That’s just one of the questions swirling around what observers agree has been the most political Academy Award season in recent memory — not just the movies themselves, but the tactics used to undermine their legitimacy for cinema’s top prize.
In early December, “Zero Dark Thirty,” Kathryn Bigelow’s taut, masterfully executed thriller about the hunt for Osama bin Laden, looked like an unassailable Oscar front-runner, winning a clutch of glowing reviews and awards that usually augur success on Oscar night. But just as quickly and forcefully, an aggressive game of pushback began, with Washington playing an improbably prominent role.
It’s not at all clear that politics kept Bigelow from receiving her second Oscar nomination for best director. The shocking snub more likely had to do with the vagaries of electronic voting, the fact that nine best picture directors won’t go into five best director slots — plus old-fashioned sexism.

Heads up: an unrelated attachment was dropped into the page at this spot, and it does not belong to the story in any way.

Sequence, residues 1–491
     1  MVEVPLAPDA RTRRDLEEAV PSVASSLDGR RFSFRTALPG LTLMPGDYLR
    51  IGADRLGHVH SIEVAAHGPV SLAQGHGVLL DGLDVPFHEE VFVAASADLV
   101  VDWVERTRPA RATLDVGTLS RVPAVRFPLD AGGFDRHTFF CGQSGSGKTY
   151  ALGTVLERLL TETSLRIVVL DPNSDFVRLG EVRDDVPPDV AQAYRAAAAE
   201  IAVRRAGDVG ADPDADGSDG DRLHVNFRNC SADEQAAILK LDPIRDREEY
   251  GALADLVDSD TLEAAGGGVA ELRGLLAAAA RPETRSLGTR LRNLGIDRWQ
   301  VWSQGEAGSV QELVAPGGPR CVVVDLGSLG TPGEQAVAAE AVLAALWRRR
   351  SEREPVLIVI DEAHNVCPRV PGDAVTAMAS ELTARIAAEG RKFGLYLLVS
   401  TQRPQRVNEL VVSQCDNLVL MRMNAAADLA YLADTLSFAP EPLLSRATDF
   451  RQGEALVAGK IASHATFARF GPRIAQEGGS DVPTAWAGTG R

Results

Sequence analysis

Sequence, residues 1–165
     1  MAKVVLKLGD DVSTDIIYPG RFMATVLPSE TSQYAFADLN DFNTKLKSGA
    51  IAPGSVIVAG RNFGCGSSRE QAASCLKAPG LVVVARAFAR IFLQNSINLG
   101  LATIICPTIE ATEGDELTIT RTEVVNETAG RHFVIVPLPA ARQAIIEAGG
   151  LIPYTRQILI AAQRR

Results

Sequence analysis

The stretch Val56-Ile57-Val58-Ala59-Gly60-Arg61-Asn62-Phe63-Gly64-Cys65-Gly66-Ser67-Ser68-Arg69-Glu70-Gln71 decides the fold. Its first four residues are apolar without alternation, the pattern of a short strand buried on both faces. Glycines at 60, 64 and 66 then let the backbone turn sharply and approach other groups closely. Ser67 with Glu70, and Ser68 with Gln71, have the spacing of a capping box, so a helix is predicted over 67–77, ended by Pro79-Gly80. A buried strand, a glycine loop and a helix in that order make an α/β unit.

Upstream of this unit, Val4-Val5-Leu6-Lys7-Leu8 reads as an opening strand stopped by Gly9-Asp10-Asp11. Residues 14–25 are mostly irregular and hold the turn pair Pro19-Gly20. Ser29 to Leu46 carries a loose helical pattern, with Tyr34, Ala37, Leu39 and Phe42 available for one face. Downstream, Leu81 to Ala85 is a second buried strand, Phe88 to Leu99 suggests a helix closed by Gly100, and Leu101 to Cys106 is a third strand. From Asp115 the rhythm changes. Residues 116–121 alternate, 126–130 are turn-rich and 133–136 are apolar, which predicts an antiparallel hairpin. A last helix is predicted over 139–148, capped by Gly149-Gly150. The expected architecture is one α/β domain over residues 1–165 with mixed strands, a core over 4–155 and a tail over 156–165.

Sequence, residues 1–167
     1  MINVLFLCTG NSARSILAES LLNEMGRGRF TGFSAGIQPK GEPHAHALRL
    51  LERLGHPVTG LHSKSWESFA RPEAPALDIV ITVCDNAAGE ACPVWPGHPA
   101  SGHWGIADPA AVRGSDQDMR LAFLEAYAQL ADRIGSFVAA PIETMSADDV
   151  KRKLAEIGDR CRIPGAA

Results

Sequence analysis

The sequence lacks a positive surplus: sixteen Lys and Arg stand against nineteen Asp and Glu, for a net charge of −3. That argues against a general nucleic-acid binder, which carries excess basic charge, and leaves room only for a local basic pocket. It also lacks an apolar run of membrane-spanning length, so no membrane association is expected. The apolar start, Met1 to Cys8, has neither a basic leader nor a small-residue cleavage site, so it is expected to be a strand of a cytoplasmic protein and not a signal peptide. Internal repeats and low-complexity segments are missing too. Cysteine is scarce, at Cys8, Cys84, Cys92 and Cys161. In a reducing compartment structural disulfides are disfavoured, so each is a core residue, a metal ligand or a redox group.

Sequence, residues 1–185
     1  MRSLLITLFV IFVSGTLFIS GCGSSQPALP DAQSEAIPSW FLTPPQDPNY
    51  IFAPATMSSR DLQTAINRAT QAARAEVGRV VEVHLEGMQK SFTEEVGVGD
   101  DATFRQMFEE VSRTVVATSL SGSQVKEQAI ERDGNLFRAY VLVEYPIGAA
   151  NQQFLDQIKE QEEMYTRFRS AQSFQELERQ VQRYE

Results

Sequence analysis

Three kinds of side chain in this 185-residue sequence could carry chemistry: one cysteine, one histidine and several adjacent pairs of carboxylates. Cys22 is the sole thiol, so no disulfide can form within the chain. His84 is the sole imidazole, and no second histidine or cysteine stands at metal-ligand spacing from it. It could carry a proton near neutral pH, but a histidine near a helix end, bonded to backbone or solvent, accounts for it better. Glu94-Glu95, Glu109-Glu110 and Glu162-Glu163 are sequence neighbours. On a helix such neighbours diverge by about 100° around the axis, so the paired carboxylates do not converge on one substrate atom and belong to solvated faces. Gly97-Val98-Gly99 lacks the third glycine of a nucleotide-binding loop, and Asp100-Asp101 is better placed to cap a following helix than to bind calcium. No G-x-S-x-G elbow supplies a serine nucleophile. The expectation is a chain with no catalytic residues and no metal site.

But it’s inarguable that, in an exceptionally tight race for best picture, the proxy attacks on “Zero Dark Thirty” — and its parent studio’s anemic response — didn’t help. The result is that the best reviewed, most-award-winning movie of 2012 will probably be denied a best picture Oscar at the ceremony Sunday. (In more cheering news, “Zero Dark Thirty” screenwriter Mark Boal and editors Dylan Tichenor and William Goldenberg are strong contenders in their categories.)
For decades, Academy Awards campaigns have been compared to their political counterparts as filmmakers press the flesh, caffeinated consultants staff up their war rooms, studios launch stealth attempts to ding the opposition, academy voters are bombarded with ads, and, at a time when tens of millions of dollars are often spent to win a coveted statuette, everyone calls for serious campaign finance reform.